I went to have a spot checked that showed up on my head when my hair fell out. We have all been politely ignoring it, but when I saw my doctor two weeks ago, she said I needed to get it checked out before my hair grew back in and covered it up. Since this was coming up, I figured it was the easy way to do it. It seems they are going for a Guiness world record around the country for the number of people checked today so I filled out a form for that.

Anyway, the doctor said I need to have it biopsied. When I asked what that involved, his response was "There are no minor surgeries, only minor surgeons." That was not exactly comforting. I will make an appointment with my regular dermatologist on Monday. Perhaps, I was prepared, but it didn't feel like it. I cried, and I feel very tired, and very discouraged. I really see that we need to enjoy each day and not put anything off we want to do. Do it now! You truly do not know. I want to say I am sure it will be fine, but in light of my last seven months, I really can't put my heart into saying that.

When I was driving over to Berkeley, I remembered the words of Anne Lamott's friend who was dying of cancer and when Anne asked her if she looked fat in her skirt she told her she didn't have time for that. Oddly, driving home, the traffic was stopped getting to the Richmond Bridge. It was a long, slow trip home, but amazingly after they squeezed us all into one lane to cross the bridge, it turned out everything was cleaned up and there was no reason not to have both lanes open. There was no sign of anything at all. I found myself angry and ready to write letters, so my peaceful mood of the morning and declaration that I would never get angry at anything again was gone. I was ready to slam the dim-wits of Cal Trans. Anyway, serenity as much as possible, and acceptance when I can.

It has been a long day, bittersweet, and I choose Scharffen Berger bittersweet so I am cacao rich.

I guess I need to say it again. Enjoy your moments. Do what you want to do now. You just don't know what is around the corner, so don't put anything off you want to do. I feel like a broken record, but, truly, truly do, do, do it now. Savor each moment like fine chocolate. Taste fully and suck, lick, and chew with gusto. Chow down on the life that is now.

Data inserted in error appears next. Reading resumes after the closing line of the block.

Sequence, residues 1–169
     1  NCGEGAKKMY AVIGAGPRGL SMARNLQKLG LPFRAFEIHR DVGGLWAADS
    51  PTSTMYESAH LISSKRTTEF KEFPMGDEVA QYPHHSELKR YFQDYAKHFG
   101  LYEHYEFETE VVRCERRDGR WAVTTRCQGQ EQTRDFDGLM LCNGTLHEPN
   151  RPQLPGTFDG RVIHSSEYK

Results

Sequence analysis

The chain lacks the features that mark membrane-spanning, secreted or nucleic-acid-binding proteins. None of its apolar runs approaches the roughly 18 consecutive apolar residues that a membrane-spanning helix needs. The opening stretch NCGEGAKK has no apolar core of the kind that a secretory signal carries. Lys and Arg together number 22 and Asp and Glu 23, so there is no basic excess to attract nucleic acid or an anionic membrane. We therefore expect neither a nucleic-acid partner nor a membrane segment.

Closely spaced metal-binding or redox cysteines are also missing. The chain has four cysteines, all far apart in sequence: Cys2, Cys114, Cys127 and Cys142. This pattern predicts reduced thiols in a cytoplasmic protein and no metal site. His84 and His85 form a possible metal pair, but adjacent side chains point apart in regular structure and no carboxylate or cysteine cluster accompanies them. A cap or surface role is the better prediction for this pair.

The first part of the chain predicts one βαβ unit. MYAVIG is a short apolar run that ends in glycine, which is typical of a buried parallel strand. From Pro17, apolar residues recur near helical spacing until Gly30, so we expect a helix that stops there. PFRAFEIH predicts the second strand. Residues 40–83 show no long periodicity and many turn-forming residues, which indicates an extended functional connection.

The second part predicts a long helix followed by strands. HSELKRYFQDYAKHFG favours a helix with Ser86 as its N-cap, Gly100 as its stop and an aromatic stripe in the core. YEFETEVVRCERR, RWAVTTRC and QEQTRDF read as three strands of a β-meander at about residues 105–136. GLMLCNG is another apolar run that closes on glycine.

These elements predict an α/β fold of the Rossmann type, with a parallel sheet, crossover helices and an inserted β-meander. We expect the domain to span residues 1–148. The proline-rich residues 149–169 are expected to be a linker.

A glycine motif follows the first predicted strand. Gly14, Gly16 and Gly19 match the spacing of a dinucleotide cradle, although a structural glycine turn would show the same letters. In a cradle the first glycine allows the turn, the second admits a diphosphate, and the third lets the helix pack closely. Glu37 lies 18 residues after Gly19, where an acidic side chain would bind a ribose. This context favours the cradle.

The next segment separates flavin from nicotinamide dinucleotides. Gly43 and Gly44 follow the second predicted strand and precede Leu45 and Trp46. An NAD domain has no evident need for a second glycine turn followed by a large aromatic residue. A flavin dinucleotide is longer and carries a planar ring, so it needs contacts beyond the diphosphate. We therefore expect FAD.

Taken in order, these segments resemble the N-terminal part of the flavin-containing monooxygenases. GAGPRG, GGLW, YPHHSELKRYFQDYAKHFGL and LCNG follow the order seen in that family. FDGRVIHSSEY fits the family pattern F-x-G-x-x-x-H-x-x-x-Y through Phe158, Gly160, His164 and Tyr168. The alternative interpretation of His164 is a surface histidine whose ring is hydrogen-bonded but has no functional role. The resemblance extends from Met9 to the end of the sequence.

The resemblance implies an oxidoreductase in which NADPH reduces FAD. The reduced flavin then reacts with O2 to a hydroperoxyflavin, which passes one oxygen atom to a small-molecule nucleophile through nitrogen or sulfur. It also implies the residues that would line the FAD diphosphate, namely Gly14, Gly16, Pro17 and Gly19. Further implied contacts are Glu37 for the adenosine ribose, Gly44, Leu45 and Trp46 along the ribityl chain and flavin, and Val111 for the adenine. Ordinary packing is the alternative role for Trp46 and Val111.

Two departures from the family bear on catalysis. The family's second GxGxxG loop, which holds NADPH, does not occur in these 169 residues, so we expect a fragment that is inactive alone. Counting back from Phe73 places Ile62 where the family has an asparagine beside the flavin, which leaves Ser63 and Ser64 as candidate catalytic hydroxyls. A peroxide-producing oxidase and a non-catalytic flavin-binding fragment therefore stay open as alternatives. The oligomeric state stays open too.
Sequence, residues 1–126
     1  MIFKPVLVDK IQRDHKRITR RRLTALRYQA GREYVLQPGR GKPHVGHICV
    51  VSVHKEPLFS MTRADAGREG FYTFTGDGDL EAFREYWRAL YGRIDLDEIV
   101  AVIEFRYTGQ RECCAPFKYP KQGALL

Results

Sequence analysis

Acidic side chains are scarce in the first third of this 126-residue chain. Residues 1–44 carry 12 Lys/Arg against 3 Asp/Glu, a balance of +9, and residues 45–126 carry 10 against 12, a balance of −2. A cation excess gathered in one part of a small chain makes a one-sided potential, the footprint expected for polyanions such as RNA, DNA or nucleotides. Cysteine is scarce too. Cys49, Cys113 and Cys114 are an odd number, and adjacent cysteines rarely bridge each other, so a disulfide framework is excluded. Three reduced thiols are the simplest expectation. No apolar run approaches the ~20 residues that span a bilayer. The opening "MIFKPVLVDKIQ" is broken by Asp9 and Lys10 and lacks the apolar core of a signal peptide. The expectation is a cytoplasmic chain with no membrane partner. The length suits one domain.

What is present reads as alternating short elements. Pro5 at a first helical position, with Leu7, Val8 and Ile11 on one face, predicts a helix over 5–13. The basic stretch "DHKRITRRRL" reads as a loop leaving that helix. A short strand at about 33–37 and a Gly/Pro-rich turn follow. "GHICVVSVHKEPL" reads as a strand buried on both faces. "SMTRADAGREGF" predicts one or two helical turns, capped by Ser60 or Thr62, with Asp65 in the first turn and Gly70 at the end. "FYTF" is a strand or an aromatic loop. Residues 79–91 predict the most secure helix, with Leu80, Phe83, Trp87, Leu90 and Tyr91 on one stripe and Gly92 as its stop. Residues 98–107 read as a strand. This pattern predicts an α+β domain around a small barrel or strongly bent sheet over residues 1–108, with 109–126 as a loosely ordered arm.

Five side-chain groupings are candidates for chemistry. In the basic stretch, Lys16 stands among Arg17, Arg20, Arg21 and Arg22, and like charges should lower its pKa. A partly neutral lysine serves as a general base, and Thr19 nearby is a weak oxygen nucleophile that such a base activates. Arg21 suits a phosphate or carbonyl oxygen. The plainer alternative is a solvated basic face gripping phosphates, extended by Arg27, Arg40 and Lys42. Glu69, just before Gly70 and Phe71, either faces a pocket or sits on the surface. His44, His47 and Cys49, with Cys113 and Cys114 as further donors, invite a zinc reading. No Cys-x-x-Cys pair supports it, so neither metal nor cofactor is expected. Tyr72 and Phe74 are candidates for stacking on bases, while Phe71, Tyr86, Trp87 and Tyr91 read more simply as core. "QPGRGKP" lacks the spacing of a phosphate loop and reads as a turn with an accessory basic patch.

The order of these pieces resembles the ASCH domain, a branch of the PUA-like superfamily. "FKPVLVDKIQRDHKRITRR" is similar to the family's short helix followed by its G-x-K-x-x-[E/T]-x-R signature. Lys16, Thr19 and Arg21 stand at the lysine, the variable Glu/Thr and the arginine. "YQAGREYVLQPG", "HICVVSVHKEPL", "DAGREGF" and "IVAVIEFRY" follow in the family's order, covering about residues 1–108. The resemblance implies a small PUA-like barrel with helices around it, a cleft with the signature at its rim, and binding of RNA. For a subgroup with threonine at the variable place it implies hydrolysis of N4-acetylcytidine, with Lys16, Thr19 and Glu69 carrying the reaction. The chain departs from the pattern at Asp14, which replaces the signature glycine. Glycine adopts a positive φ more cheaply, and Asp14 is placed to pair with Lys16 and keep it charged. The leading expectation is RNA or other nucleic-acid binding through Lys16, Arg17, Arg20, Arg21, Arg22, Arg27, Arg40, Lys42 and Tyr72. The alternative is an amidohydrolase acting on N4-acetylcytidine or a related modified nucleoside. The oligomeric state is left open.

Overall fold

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more comment -

When my doctor said to see a dermatologist because she felt concern, I said wouldn't the chemo I have just been through have taken care of anything and everything. It seems it would not. There are different kinds of chemo for different kinds of things, so there is no guarantee that I would not need chemo again for a different kind of cancer. Of course, I don't know that this is anything, but it is very hard not to feel discouraged, and I turn it all over. What else can one do? I really see that. One continues to want life, and the beauty of night and day, the wonder of that exchange.
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Important Blood Pressure Information!

Chris sent this to me and I find it fascinating because when I go to my regular doctor my blood pressure is high, but it has been fine all through chemo and radiation. They took it every 15 minutes when I was having a chemo treatment and it was always fine. How could there be such a difference? Well, this article offers an explanation.

Vital Signs
Recommendations: The 5-Minute Guide for Lower Blood Pressure

By ERIC NAGOURNEY
Published: May 2, 2006

Want lower blood pressure? Ask your doctor to let you sit quietly for five minutes before it's taken — on a regular chair, not on an examining table, with your feet on the floor.

The result can be a systolic blood pressure reading about 14 points lower, potentially a big enough difference to avoid a diagnosis of hypertension, a new study reports.

The study, by a team of nurses from the University of Virginia Health System, was presented at a conference of the Preventive Cardiovascular Nurses Association.

Guidelines from the American Heart Association and the federal government already recommend that patients sit for five minutes before having their blood pressure taken, and that they not be on an examining table.

But Melly Turner, a registered nurse who helped lead the study, said evidence showed that the guidelines were not always followed, especially in medical settings that do not specialize in treating high blood pressure. When the researchers examined the practices at Ms. Turner's hospital, for example, they found that blood pressure was routinely taken while patients were on examining tables, she said.

"With your legs dangling without any support, it's going to be higher," she said.

When the researchers took readings from 100 elderly patients on either chairs or examining tables and with and without a wait, they found a 14-point average difference in the systolic reading, the upper number.

The difference is significant enough that a patient whose blood pressure is fine could walk away from a doctor's office with a misdiagnosis, the researchers said. Those patients may be placed on diets or prescribed medicines that cause side effects.